The celebratory mood that pervaded the North in the wake of General Lee’s surrender at Appomattox was shattered by Lincoln’s assassination and replaced by profound grief.  Lincoln’s body went on view at the White House and the Capitol, where it was seen by thousands of mourners. Lincoln’s funeral was held in Washington on 19 April; two days later the funeral train left Washington and embarked on a twelve-day journey to Springfield, Illinois, the martyred president’s final resting place.  The train stopped in eleven cities and passed through many small towns, and was witnessed by hundreds of thousands of Americans who wished to pay their last respects.  On 4 May 1865 Lincoln was buried in Springfield’s Oak Ridge Cemetery.

It was during the period of national mourning that Lincoln’s standing changed from an often unpopular and controversial president to a figure of iconic proportions.  In the weeks and months following his death, Lincoln the man and the president was praised by supporters and critics alike in sermons, speeches, and newspaper editorials.  From the moment of his untimely death to the present, Lincoln’s exalted status as the president who won the Civil War, ended slavery, and preserved democracy has remained constant.  There have been more books and articles written about Lincoln than any other American, with many publications planned during this bicentennial year.  There have been almost as many Lincoln collectors as books published about our sixteenth president.  The field of Lincoln collecting began with the assassination, as Lincoln’s friends, acquaintances, and contemporaries sought out objects and relics associated with the late president.  In the half century following the assassination, it seemed like almost everyone was collecting Lincoln. Today, in the wake of the bicentennial of the man whom many consider as this country’s greatest president, Lincoln’s deeds and words continue to inspire and uplift people from all walks of life and all parts of the globe.

In this section

Photograph Plan of the seats in orchestra & parquette of Ford’s new theatre. Washington, [1863?].

The Assassination of President Lincoln at Ford’s Theatre, Washington, on the night of Friday, April 14, 1865. Photograph
Photograph John Wilkes Booth, the supposed assassin of President Lincoln, on Friday night the 14th.  April 1865.  1865. Carte de visite. Jefferson Banner—Extra. Jefferson, Wisconsin, April 15, 1865. Broadside.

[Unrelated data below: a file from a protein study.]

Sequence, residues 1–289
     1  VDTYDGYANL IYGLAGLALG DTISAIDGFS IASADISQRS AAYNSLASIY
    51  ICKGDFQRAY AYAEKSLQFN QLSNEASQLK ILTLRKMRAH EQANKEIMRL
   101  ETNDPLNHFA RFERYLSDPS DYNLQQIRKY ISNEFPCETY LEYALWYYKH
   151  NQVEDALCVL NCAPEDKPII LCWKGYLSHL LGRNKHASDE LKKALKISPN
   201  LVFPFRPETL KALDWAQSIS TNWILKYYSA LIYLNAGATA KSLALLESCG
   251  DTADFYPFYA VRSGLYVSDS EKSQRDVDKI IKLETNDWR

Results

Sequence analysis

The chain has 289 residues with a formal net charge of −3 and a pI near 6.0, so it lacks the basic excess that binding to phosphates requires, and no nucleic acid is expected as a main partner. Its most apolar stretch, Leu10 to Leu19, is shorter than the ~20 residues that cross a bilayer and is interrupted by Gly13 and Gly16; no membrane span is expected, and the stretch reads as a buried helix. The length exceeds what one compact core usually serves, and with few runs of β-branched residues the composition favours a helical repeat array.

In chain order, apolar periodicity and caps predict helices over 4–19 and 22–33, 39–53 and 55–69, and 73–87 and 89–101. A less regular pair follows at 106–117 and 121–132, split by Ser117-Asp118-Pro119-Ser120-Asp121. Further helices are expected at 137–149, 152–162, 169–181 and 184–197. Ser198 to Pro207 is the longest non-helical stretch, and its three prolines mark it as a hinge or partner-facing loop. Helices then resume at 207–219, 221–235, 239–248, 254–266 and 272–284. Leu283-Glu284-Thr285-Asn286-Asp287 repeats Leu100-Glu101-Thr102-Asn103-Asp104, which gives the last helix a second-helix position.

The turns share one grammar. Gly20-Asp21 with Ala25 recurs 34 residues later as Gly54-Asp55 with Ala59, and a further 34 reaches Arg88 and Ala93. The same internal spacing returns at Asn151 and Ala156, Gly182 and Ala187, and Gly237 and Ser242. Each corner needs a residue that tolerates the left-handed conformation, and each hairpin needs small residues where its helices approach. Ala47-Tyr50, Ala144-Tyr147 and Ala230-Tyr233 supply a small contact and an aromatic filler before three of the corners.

Photograph William Shakespeare. King Richard the Third. New York: Samuel French, n.d.  Promptbook. Green Mount Cemetery (Baltimore).  Mortuary stub book, 1868-1872.   Manuscript. Photograph
Photograph Alexander Gardner. Lewis Powell. 1865.  Photograph.

James Allen Hardie. Telegram to John P. Gray, Washington, D. C., June 14, 1865.  Manuscript. Photograph
Photograph R. B. Milliken. Letter to [?] Byron, Washington, D.C., April 16, 1865.  Manuscript.

Mary Todd Lincoln.  Letter to Queen Victoria, Washington, D.C., May 21, 1865 [retained copy].  Manuscript. Photograph
Photograph William Dean Howells.  Excerpt from the The Lives and Speeches of Abraham Lincoln and Hannibal Hamlin...  Manuscript. Leonard Wells Volk. Abraham Lincoln life mask and pair of hands. 1886. Bronze.

Photograph John Brown’s gold stud owned by Abraham Lincoln.  [before 1859]. Gold, diamonds. Norwegian spoon pin owned by Mary Todd Lincoln.  [before 1855]. Silver, gold, enamel. Photograph
Photograph Wallpaper from Abraham Lincoln’s bedroom in his Springfield, Illinois house. Walking stick made from wood cut on the Lincoln birthplace farm in Kentucky.  Photograph
Photograph Broad axe.  [early 19th century].  Iron and wood.

Ensign of the USS Constitution used in decorating Ford’s Theatre on 14 April 1865.   Photograph
Photograph Ford’s Theatre ticket stub for 14 April 1865.

August Edouard  Achille Luce.  Lincoln memorial fan.  [ca. 1866].  Paper, aluminum, and wood. Photograph